Check your credit card statement. You may be entitled to a refund

When 79-year-old Sheila MacIsaac sat down last spring to watch CBC’s consumer watchdog program Marketplace, she had no idea the end result would be almost $4,000 in her bank account.

It took the Dartmouth, N.S., resident months to get the money, and along the way she was told her file was “closed,” but she persevered and now has the cash to prove it.

The Marketplace story that alerted her to the issue was about credit card insurance, a product banks marketed as a way to help with credit card payments if a customer lost their job or got sick. The story noted that, regardless of the bank, the insurance can be expensive, hard to claim and may cover only the minimum monthly payment or a small percentage of the balance owing — not the full amount.

It featured people who had been signed up for it without their knowledge and were paying monthly fees that over time amounted to thousands of dollars.

“I didn’t do anything for a number of weeks, but the more I thought about it, I thought, ‘That could be me,'” MacIsaac said in a recent interview.

She pulled out her RBC Visa statements, and sure enough she was paying an insurance RBC calls Balance Protector. However, she had no recollection of agreeing to it.

She went to her local branch, but staff there referred her to Visa, which in turn sent her to Assurant, the company that handles RBC’s credit card insurance claims. She was told they’d “look into it.”

She said she subsequently received a call from a woman named Beverley at Assurant who played a recording of a call previously made to MacIsaac in which the salesperson was trying to sell her the product.

“It was me, years ago, talking to some man telling me all the benefits of balance protection and you’ll hear me saying, ‘Oh, I see,’ but that’s not saying I signed up for it,” MacIsaac said.

During the call with Beverley, MacIsaac was told “the file is closed.” She requested a letter confirming she had agreed to purchase the insurance. It never arrived, but she did receive another call from Beverley reiterating the case was closed and to contact the bank’s ombudsperson if she wasn’t satisfied.

Instead, MacIsaac called CBC. We, in turn, contacted RBC. The bank’s spokesperson responded, saying it was investigating and would be reaching out to the client to discuss options.

Less than two weeks later, MacIsaac received a phone call telling her she would be refunded $3,900.

That was followed by an unsigned letter from Assurant, which said the credit was being issued “as a customer service gesture because you are a valued RBC Royal Bank customer.”

The letter did not provide proof she had signed up for the insurance, but said since the date of enrolment (which was not specified) “you have contacted us a few times to discuss the coverage under the Balance Protector plan.” It claimed she had previously acknowledged the coverage and had wanted to maintain it.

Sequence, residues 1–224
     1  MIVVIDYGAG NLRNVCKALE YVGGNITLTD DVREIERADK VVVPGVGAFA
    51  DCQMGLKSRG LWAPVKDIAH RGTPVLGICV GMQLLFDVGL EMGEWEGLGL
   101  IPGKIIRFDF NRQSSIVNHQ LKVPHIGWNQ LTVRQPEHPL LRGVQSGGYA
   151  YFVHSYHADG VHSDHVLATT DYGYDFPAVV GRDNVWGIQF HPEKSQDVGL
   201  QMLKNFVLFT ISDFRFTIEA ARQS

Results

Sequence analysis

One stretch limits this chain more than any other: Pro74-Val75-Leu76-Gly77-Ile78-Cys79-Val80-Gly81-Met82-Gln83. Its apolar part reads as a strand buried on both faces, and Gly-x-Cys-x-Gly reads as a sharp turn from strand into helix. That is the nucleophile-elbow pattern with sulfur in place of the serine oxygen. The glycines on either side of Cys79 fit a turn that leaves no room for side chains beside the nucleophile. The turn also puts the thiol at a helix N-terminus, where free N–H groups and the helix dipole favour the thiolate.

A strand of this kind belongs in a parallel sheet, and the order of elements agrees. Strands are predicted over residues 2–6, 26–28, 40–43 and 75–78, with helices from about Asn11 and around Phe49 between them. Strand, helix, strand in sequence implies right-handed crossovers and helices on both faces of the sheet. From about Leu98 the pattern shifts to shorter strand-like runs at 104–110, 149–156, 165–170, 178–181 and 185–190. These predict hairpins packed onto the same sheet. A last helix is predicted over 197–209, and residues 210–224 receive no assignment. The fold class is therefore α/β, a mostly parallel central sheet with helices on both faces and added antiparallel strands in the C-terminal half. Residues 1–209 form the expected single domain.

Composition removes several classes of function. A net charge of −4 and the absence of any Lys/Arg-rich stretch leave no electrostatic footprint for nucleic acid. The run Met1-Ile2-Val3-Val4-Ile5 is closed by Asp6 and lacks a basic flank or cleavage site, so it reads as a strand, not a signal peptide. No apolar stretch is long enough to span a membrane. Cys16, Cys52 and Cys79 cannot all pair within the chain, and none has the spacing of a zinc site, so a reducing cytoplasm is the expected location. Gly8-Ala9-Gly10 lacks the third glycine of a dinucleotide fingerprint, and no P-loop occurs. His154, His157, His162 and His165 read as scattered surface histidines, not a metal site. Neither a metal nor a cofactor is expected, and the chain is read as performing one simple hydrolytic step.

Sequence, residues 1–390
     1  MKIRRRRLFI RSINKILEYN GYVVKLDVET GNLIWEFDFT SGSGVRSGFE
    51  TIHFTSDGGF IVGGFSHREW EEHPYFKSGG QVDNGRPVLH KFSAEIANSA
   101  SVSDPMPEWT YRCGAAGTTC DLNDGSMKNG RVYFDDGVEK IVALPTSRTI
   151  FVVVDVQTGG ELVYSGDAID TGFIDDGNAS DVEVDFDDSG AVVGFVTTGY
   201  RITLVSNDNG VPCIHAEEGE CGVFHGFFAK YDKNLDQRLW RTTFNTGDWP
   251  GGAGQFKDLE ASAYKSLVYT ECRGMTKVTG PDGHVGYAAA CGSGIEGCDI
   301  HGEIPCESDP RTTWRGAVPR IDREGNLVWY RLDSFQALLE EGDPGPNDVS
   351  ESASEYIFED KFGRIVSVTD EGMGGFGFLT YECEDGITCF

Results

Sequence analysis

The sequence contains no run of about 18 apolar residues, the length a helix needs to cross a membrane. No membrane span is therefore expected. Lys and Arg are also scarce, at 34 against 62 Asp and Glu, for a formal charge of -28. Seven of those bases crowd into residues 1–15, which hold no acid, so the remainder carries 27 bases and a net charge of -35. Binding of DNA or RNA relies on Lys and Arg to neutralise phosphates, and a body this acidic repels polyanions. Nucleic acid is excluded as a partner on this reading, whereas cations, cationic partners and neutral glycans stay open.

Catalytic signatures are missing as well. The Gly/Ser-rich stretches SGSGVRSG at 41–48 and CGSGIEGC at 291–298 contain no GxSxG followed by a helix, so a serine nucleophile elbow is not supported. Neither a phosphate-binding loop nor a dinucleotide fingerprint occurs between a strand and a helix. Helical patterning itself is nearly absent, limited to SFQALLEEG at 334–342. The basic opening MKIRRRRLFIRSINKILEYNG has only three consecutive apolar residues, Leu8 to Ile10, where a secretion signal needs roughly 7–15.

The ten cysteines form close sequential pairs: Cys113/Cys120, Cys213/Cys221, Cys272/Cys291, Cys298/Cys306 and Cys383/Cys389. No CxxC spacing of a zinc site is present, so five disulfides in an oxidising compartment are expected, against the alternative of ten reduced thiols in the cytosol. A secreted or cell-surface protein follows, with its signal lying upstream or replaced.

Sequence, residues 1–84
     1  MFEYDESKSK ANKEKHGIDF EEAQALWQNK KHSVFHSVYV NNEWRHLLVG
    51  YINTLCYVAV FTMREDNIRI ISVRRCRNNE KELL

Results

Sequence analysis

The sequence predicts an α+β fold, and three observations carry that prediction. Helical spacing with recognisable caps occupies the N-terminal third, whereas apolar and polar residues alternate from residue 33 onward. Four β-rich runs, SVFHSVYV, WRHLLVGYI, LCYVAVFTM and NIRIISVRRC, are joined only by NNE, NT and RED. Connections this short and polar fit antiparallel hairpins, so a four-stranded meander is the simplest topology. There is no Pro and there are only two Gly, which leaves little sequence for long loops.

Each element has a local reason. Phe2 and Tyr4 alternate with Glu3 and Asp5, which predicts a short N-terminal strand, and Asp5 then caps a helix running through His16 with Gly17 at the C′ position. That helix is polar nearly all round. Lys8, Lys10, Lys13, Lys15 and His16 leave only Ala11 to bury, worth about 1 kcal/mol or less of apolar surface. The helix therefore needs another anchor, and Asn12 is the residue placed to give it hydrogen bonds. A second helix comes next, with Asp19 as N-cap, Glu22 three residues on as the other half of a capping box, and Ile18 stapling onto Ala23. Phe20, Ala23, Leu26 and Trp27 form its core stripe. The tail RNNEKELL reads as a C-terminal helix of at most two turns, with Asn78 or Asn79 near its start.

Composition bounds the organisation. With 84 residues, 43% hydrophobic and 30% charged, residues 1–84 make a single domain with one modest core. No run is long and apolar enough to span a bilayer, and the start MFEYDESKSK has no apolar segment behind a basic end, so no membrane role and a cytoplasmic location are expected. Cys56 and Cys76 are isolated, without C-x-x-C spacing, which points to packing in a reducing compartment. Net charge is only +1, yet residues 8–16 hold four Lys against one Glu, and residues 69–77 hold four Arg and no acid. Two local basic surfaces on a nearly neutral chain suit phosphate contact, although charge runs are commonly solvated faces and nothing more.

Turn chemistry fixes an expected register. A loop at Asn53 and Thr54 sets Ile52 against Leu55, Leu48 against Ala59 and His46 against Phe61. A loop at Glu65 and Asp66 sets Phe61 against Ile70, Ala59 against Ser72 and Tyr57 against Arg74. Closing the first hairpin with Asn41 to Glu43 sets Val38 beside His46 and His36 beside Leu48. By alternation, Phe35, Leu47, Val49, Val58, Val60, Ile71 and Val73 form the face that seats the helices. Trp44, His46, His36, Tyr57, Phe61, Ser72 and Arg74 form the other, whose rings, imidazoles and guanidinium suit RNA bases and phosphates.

MacIsaac said she has called several times, but only since seeing the Marketplace story. She said she has no recollection of ever agreeing to the charge. Assurant has not responded to CBC’s request for comment.

In an email to CBC, RBC spokesperson Trish Vardy apologized for any confusion.

“After fully investigating Ms. MacIsaac’s file, we decided to offer her the refund she was seeking. Our goal is to ensure clients are happy with the products they purchase,” Vardy said.

‘Demonstrable consent’ needed, advocate says

John Lawford, executive director of the Public Interest Advocacy Centre, said credit card insurance is a “big line item” for banks and they make quite a bit of money from it. He has had his own personal experience with a phone call trying to sell him the product.

He said just agreeing to comments such as “it would be a good idea to have this insurance” may be enough to get you signed up, even though you didn’t agree to it. He advises people to hang up on these calls, but said if you do take the call, never say “yes” in response to anything because it may be misconstrued as your agreement.

He said all of this indicates change is needed.

“I think it’s disappointing the banking industry feels they have to effectively trick people into taking this add-on product,” he said.

“If they’re going to sell a product that is very low value for the consumer, hard to access and very expensive, then at the very least I believe they should have a very clear positive duty to get really demonstrable consent so they’re absolutely certain that person wants to have that kind of coverage,” he said.

He said a written and signed statement confirming a person wants to buy the insurance is needed, “instead of a vague reference to something on the phone that they then interpret as someone agreeing to pay all this extra money.”

14 others have contacted Marketplace

The Financial Consumer Agency of Canada, which oversees whether banks are complying with consumer protection measures, has addressed credit card insurance and calls it “problematic” and a “high risk to consumers.”

The agency said it might not be the right fit for consumers who have coverage from another insurance policy, and it urges people to compare the coverage and cost with other insurance options.

David Common, the Marketplace host who reported on credit card insurance last April, said so far the show has been contacted by 14 people, not including MacIsaac, who have received refunds totalling $70,000. Another six people said they’ve received money back, but haven’t disclosed how much.

Meanwhile, MacIsaac is telling everyone she knows to check their credit card statements to ensure they’re not paying for unwanted insurance.


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